Welcome to biology-online.org! Please login to access all site features. Create an account.
Log me on automatically each visit
Digging into the past and investigating the origins of life. Find out …
Tutorials » The Origins of Life » Dinosaur Extinction
No one truly knows how the dinosaurs became extinct, but the fact is they disappeared and a whole host of ecological niches were made available to other organisms, who could harness the resources of these niches due to the absence of competition (and predation) by dinosaurs.
The dinosaurs disappeared around 65 million years ago, with many other land dwelling organisms also dying out around this time. Regardless of what killed off the dinosaurs, it was comprehensive. The general consensus is that a major geological event killed off many of the land dwelling organisms, particularly the larger ones.
This would have caused an overall drop of biomass on land, and therefore 'less food to go round' all the organisms that occupied dry land. Also, many food chain relationships would have been disrupted, causing a gradual breakdown of populations in the long term, sometimes leading to extinction, essentially survival of the fittest.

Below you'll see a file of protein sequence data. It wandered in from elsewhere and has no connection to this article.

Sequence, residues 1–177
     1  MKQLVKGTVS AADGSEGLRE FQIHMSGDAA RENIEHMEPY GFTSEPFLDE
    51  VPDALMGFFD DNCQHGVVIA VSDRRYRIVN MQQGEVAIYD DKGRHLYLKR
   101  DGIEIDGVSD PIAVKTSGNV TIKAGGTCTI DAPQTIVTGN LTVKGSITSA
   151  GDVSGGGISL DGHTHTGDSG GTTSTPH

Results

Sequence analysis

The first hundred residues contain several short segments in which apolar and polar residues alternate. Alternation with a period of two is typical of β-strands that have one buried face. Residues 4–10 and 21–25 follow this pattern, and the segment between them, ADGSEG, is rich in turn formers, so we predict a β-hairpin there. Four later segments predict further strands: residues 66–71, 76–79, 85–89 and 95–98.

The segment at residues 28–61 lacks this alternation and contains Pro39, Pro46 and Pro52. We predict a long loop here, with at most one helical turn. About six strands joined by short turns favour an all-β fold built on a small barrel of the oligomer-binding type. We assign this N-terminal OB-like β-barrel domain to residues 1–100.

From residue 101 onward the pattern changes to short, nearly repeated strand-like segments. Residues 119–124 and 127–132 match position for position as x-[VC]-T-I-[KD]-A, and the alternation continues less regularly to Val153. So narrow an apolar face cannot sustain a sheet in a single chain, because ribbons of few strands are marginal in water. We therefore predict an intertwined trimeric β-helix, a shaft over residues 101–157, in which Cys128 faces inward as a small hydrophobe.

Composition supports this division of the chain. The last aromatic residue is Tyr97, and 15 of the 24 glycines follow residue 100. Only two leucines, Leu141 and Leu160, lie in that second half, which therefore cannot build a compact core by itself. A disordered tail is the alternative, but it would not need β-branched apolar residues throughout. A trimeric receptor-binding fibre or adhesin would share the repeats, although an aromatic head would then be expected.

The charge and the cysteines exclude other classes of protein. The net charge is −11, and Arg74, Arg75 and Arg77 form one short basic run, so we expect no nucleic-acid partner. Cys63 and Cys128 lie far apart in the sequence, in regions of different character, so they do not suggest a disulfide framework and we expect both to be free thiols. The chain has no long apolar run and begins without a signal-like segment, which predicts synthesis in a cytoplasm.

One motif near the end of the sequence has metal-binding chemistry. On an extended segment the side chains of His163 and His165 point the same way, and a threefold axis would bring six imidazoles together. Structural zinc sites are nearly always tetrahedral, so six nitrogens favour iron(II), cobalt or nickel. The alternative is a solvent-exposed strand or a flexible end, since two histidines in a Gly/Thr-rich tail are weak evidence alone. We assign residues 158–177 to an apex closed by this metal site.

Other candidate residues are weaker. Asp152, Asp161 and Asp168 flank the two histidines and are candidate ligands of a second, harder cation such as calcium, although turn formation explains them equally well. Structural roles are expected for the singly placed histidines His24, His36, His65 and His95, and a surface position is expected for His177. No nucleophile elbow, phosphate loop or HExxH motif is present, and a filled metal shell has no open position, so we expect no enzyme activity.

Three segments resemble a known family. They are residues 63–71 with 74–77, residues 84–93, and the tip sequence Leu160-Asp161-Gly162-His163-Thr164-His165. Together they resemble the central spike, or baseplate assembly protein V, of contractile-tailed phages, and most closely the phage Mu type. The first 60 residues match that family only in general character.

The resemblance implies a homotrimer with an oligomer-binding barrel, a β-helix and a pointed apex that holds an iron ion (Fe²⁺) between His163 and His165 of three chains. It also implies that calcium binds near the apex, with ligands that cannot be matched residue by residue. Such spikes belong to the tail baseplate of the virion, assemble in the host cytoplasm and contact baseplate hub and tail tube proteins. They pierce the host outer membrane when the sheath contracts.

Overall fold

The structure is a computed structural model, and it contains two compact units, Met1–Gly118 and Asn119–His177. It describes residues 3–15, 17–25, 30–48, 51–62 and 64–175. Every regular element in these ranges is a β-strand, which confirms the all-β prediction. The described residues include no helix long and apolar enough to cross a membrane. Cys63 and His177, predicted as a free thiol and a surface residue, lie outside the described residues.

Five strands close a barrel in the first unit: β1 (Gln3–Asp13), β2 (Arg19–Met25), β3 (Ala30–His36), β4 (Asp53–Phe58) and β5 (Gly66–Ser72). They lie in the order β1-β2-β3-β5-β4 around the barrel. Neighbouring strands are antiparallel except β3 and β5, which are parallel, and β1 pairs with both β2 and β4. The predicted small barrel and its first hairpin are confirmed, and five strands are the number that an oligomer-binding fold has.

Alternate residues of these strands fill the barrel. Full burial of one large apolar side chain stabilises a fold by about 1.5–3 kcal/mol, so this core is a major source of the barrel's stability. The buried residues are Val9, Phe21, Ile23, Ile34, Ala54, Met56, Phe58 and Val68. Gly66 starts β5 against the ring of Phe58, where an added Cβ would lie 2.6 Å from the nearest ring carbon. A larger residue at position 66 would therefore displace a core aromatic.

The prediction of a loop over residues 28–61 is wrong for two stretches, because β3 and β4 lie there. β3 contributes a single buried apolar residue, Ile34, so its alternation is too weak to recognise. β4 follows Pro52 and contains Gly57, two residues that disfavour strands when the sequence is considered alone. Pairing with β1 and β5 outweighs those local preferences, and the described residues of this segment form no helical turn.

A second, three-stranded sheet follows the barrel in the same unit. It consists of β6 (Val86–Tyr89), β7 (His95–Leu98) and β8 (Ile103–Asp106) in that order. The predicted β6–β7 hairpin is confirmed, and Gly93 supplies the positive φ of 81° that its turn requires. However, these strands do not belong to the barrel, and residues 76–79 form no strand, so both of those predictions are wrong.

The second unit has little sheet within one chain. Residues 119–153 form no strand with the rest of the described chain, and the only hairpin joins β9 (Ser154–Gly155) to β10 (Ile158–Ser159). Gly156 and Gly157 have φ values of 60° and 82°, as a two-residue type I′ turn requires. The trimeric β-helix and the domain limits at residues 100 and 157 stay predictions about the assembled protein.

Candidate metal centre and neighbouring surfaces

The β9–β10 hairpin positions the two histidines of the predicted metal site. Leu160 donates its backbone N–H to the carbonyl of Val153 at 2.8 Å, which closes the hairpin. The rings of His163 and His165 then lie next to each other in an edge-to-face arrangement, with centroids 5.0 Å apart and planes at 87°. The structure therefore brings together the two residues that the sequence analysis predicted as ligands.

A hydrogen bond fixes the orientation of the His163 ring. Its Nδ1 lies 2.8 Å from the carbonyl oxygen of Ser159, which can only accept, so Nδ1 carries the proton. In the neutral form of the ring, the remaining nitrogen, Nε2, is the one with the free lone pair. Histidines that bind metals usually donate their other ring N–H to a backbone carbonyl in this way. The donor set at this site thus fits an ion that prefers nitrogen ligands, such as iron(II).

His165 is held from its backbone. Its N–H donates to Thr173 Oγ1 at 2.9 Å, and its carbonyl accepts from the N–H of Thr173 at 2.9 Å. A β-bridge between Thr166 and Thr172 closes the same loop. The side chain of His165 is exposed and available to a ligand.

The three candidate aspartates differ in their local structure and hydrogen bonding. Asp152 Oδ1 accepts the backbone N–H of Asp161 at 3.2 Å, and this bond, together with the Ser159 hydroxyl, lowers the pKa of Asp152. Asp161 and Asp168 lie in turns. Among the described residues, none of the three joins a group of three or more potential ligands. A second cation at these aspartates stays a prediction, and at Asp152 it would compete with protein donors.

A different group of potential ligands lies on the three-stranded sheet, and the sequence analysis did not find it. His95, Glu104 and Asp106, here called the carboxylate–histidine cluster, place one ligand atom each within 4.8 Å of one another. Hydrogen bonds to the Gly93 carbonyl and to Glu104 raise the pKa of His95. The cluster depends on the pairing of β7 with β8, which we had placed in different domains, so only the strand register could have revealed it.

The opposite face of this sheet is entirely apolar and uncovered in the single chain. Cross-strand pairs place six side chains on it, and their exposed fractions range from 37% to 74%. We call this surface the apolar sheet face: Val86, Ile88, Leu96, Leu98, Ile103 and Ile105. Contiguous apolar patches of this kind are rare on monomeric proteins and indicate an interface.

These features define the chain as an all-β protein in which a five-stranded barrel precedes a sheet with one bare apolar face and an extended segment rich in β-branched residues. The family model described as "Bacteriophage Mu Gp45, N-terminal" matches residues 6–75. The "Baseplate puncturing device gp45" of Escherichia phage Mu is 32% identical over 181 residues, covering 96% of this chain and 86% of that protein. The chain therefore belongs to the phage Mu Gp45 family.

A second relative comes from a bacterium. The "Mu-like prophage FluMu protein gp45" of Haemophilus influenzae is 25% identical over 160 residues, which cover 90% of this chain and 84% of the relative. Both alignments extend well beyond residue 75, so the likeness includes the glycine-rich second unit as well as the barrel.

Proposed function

Insects, due to their size, were adaptable and already diverse, meaning that at least their short term survival and close relationship with plants (at the bottom of any food chain) was secured
Marine life was still plentiful, and diversifying, while mammals were emerging to be the next dominant force on plant Earth.
Birds were also diversifying, and taking advantage of their proportionately larger body in comparison to insects, alongside their ability to fly.
On the other hand mammals were specialising on land, and trees, which we further investigate on the next page of the timeline below...
Next Tutorial PageThe Ancestors of Mammals
rating: 4.07 from 1614 votes | updated on: 1 Jan 2000 | views: 852212 |
share this tutorial | email to friends
suggest a revision
print this page
print the whole tutorial
© Biology-Online.org. All Rights Reserved. Register | Login | About Us | Contact Us | Link to Us | Disclaimer & Privacy